Should plants or animals altered by microbiological manipulation be patentable in the same way as, say, modifications of penicillin are.
There has been strong opposition to the idea. The issue was discussed in the U.S. and Europe as long ago as the early 20th century. In 1980, the U.S. Supreme Court held in Diamond v. Chakrabarty that: ‘anything under the sun made by man’ is patentable. The court considered a distinction between a product of nature and a product of human invention or intervention as the decisive factor, rather than the distinction between sentient life and insentient matter. In ex Parte Allen, the Board of Appeal held that an oyster was patentable because it had been genetically altered by human intervention. In the end of the U.S. Patent Office ruled non-naturally occurring non-human multicellular living organisms, including animals, to be patentable. More recently, in 1988, Harvard University was granted a patent on a transgenic mammal named ‘Once Mouse’.
Is the situation any different in Europe? In Germany, inventions in the field of biology were not, in principle, excluded from patent protection, the Federal Supreme Court decided in the Red Dove. The European Patent Convention or EPC, signed in Munich and ratified in 1977, came into force on 1 June 1978 in the member states. Article 53 of the EPC provides that European patents shall not be granted in respect of:
a. inventions, the publication or exploitation of which would be contrary to ‘public order’ or morality, provided that the exploitation shall not be deemed to be so contrary merely because it is prohibited by law or regulation in some or all of the contracting states;
b. plant or animal varieties or essentially biological processes for the production of plants or animals. This provision does not apply to microbiological processes or the products thereof.
This article contains three exceptions to patentability of plant and animals.
1. Animal varieties and plant varieties.
2. Essentially biological processes for the production of plant and animals.
3. Inventions which are contrary to ‘public order’ or ‘morality’.
1. What is the meaning of the term variety?
This question was debated by the Examining Division’s decision (EPOR 4 (1990)) in regard to Once Mouse. The application was made by Harvard University for a patent for a genetically modified animal which was to be used to cure cancer.
The application was refused:
a. on the grounds of non-reproducibility under Article 83 of the EPC. Although the application was based on claims related to all non-human mammalian animals, actual tests had only been done on mice: it could not be assumed that the same manipulation could be successfully performed on other mammals without inventive skill; and,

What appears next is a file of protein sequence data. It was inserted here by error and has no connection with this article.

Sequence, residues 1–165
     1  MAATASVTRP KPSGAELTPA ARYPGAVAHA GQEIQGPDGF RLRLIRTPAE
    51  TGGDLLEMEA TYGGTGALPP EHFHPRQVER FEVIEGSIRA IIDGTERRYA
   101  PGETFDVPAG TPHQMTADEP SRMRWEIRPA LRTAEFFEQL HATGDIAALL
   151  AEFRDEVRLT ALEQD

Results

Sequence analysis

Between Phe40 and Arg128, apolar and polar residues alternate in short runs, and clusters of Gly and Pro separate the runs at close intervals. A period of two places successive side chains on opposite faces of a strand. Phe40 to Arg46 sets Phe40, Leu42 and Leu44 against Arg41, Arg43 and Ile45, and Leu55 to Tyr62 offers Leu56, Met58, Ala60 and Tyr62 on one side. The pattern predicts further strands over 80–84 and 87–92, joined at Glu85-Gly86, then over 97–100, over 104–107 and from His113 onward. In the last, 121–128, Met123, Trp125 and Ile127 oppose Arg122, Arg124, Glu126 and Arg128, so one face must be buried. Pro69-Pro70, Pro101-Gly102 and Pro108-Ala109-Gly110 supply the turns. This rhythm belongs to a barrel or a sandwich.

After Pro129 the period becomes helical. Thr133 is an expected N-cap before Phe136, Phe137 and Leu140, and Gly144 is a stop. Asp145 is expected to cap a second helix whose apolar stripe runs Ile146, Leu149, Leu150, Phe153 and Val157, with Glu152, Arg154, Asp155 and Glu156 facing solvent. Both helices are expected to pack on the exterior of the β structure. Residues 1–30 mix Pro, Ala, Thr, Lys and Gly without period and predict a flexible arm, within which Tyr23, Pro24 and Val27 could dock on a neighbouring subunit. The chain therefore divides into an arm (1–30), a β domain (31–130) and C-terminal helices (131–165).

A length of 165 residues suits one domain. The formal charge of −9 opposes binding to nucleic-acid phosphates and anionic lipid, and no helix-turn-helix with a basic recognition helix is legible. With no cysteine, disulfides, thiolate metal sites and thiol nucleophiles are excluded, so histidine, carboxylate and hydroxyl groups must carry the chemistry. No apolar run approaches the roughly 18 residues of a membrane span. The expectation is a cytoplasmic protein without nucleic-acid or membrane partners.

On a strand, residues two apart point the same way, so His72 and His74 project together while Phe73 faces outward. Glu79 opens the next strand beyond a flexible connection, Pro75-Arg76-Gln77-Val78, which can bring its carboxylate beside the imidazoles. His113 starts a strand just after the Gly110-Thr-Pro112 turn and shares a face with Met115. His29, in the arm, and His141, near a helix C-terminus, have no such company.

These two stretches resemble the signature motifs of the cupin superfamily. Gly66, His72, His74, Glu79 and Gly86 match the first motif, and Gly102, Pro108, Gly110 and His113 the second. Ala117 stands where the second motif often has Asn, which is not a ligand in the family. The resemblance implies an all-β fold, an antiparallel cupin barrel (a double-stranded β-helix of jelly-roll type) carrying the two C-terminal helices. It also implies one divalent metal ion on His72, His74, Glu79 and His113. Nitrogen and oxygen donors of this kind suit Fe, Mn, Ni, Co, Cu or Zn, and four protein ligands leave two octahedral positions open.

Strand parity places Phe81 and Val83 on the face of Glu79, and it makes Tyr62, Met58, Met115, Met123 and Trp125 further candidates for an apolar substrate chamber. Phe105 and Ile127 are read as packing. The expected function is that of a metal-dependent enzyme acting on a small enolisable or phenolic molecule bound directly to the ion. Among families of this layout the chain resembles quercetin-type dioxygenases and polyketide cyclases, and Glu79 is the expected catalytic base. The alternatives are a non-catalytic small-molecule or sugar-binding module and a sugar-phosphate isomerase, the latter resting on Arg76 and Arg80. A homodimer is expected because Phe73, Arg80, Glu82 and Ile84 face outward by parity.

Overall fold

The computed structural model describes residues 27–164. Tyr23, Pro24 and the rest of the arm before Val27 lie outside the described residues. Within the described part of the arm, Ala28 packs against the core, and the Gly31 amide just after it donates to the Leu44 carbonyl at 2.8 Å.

b. on the grounds that the legislators had intended to exclude animals in general from patentability under Article 53 (b).
However the Board of Appeal did not see any reason to limit the claims under Article 83. Also, the Board did not agree with the Examining Division’s interpretation of Art 53 (b) as excluding animals as such from patent protection. They pointed out that the legislators must have intended the phrase ‘animal varieties’ to be more narrowly construed than ‘animals’. The Board, therefore, held the question to the Examining Division.
On reconsideration, the Division decided that ‘Once Mouse’ did not fall under the terms of the ‘variety’ exemption. It concluded that in relation to Article 53 (b) claims directed to non-human mammals generally did not fall within the scope of the terms ‘animal variety’, (race animale).
The ‘variety’ exemption was also considered in the Giba-Geiy Case by the Technical Board of Appeal.
In- this case, the claimed invention satisfied the requirements of patentability but the Examining Division refused to grant a patent because the subject matter fall into scope of the Art. 53 (b).
Contrary to the Division’s view, the Europe Patent Office (EPO) Technical Board argued that 53(b) excludes only plant varieties and it is clear that ‘plant’ is different from ‘plant varieties’. According to the Board, ‘plant variety’ means stability of characteristics within specific tolerances after every individual propagation or propagation cycle. The Board of heed that 53(b) excludes ‘only the plants or their propagating material in the fixed form of the plant variety.’
2. Another problematic clause under Article 53(b) concerns ‘essentially biological processes for the production of plants and animals’ which are excluded with the proviso that ‘this exclusion does not apply to microbiological processes or products thereof’.
Two main question arises here. Firstly: what differentiates ‘essentially biological processes’ from ‘microbiological processes’?
Llewelyn has assumed that ‘an essentially biological process could be defined, most simply, as one where natural methods are the dominant influence’. The EPO defined ‘essentially biological process’ as dependent on the extent to which there is technical intervention by man in the process. If such intervention plays a significant part in determining or controlling the result the process will not be an ‘essentially biological’ one.